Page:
Thailand’s famed Tiger Temple may soon be tigerless. The tourist attraction, which houses more than 100 tigers, has been raided on suspicion of links to wildlife trafficking. Authorities impounded the tigers and are keeping them at the temple in the country’s western Kanchanaburi province while they investigate whether the temple has the right permits for the animals. Flickr/Juame Escofet)( The temple has offered tourists a chance to get up close with tigers for years, advertising itself as a sanctuary for the big cats. But more than one investigation has revealed that the animals are kept in tiny cages for long hours and in extreme heat, and kept on chains nearly all the time. The facility also runs a captive breeding program (a practice that most sanctuaries don’t condone), and separates mothers and cubs at a young age so that people can cuddle with the young tigers. Flickr/Doug Beckers)( Tigers were found exhibiting signs of malnutrition and obsessive behaviors during visits between 2005 and 2008, according to a report by the international organization Care for the Wild. The report also alleged that tigers supposedly being bred for conservation were exchanged with a tiger farm in Laos. Thailand is a known hub for wildlife products, though it’s been trying to crack down on the black market in recent years. In 2013, The New York Times reported that the country had seized 46,000 animals from traffickers over the previous two years. In addition to tigers, monkeys, pangolins and snakes are all coveted. Now, conservationists hope that the seizures result in “legal action and a deterrent punishment for offenders” — one step in tackling Thailand’s massive illegal wildlife trade. See this database of responsible travel options to find places to see Thailand’s wildlife — without harming it.

Article sourced from The Dodo
Thailand’s famed Tiger Temple may soon be tigerless.

The tourist attraction, which houses more than 100 tigers, has been raided on suspicion of links to wildlife trafficking. Authorities impounded the tigers and are keeping them at the temple in the country’s western Kanchanaburi province while they investigate whether the temple has the right permits for the animals.

The temple has offered tourists a chance to get up close with tigers for years, advertising itself as a sanctuary for the big cats. But more than one investigation has revealed that the animals are kept in tiny cages for long hours and in extreme heat, and kept on chains nearly all the time. The facility also runs a captive breeding program (a practice that most sanctuaries don’t condone), and separates mothers and cubs at a young age so that people can cuddle with the young tigers.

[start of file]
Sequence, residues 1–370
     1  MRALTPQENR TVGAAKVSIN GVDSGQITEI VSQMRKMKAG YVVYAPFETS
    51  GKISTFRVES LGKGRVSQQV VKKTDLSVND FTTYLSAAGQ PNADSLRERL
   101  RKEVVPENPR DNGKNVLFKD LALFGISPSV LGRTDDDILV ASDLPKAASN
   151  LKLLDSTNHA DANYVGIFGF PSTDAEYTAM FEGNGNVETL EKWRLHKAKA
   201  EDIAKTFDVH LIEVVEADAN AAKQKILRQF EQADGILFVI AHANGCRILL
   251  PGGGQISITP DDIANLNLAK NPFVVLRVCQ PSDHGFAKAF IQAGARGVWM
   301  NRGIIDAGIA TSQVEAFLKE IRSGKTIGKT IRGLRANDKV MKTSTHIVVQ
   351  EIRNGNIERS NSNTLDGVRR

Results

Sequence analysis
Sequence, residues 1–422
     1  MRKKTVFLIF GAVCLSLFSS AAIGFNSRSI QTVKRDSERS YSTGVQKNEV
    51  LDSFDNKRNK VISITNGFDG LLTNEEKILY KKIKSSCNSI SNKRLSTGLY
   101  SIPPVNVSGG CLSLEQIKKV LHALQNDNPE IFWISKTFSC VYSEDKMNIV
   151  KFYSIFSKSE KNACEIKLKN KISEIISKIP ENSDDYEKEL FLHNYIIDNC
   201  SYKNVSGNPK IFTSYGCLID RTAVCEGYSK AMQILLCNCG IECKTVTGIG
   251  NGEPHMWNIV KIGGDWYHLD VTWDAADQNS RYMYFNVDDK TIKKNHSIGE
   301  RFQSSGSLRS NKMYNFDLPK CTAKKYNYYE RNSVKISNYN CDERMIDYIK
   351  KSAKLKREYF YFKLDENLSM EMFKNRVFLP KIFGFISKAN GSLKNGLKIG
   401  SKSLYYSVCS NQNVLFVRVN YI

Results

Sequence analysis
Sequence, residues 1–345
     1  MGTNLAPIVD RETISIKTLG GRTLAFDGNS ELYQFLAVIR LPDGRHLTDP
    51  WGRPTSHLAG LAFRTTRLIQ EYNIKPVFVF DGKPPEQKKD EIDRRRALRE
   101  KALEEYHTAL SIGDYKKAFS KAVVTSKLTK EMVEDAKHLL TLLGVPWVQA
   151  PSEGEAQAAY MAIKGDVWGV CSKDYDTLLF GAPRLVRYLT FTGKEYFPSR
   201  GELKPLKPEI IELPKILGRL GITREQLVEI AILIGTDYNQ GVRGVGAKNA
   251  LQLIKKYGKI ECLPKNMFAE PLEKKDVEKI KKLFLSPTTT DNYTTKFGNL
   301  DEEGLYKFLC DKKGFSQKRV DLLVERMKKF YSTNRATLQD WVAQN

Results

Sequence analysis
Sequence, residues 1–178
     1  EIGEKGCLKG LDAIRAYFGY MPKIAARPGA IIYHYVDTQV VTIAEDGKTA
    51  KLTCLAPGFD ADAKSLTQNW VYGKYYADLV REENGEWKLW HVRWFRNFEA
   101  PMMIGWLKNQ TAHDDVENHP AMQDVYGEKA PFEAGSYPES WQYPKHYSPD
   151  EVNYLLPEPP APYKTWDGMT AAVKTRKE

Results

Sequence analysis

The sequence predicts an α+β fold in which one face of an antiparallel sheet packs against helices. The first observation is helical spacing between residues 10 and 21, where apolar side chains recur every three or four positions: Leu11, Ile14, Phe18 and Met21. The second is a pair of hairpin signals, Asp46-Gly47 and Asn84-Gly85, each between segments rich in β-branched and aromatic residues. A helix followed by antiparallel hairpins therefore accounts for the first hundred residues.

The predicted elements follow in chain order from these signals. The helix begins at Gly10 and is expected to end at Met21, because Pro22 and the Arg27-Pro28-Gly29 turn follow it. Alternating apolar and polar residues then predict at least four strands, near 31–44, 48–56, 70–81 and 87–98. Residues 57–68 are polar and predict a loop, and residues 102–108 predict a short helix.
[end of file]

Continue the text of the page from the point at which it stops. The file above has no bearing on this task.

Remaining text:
Tigers were found exhibiting signs of malnutrition and obsessive behaviors during visits between 2005 and 2008, according to a report by the international organization Care for the Wild. The report also alleged that tigers supposedly being bred for conservation were exchanged with a tiger farm in Laos.

Thailand is a known hub for wildlife products, though it’s been trying to crack down on the black market in recent years. In 2013, The New York Times reported that the country had seized 46,000 animals from traffickers over the previous two years. In addition to tigers, monkeys, pangolins and snakes are all coveted.

Now, conservationists hope that the seizures result in “legal action and a deterrent punishment for offenders” — one step in tackling Thailand’s massive illegal wildlife trade.

See this database of responsible travel options to find places to see Thailand’s wildlife — without harming it.

No to Fireworks on Guy Fawkes Day

Please reconsider before you light up for Guy Fawkes Day

Think of the Animals before you light up

But What is Guy Fawkes day you ask? Well lets ask WikiPedia:

Guy Fawkes Night, also known as Guy Fawkes Day, Bonfire Night and Firework Night, is an annual commemoration observed on 5 November, primarily in Great Britain. Its history begins with the events of 5 November 1605, when Guy Fawkes, a member of the Gunpowder Plot, was arrested while guarding explosives the plotters had placed beneath the House of Lords. Celebrating the fact that King James I had survived the attempt on his life, people lit bonfires around London, and months later the introduction of the Observance of 5th November Act enforced an annual public day of thanksgiving for the plot’s failure.

Within a few decades Gunpowder Treason Day, as it was known, became the predominant English state commemoration, but as it carried strong religious overtones it also became a focus for anti-Catholic sentiment. Puritans delivered sermons regarding the perceived dangers of popery, while during increasingly raucous celebrations common folk burnt effigies of popular hate-figures, such as the pope. Towards the end of the 18th century reports appear of children begging for money with effigies of Guy Fawkes and 5 November gradually became known as Guy Fawkes Day. Towns such as Lewes and Guildford were in the 19th century scenes of increasingly violent class-based confrontations, fostering traditions those towns celebrate still, albeit peaceably. In the 1850s changing attitudes eventually resulted in the toning down of much of the day’s anti-Catholic rhetoric, and the Observance of 5th November Act was repealed in 1859. Eventually, the violence was dealt with, and by the 20th century Guy Fawkes Day had become an enjoyable social commemoration, although lacking much of its original focus. The present-day Guy Fawkes Night is usually celebrated at large organised events, centred on a bonfire and extravagant firework displays.

So even if you are not close to Monkeyland, Birds of Eden or Jukani Wildlife Sanctuary, there could be other sanctuaries or just wildlife and pets that will appreciate you not lighting up!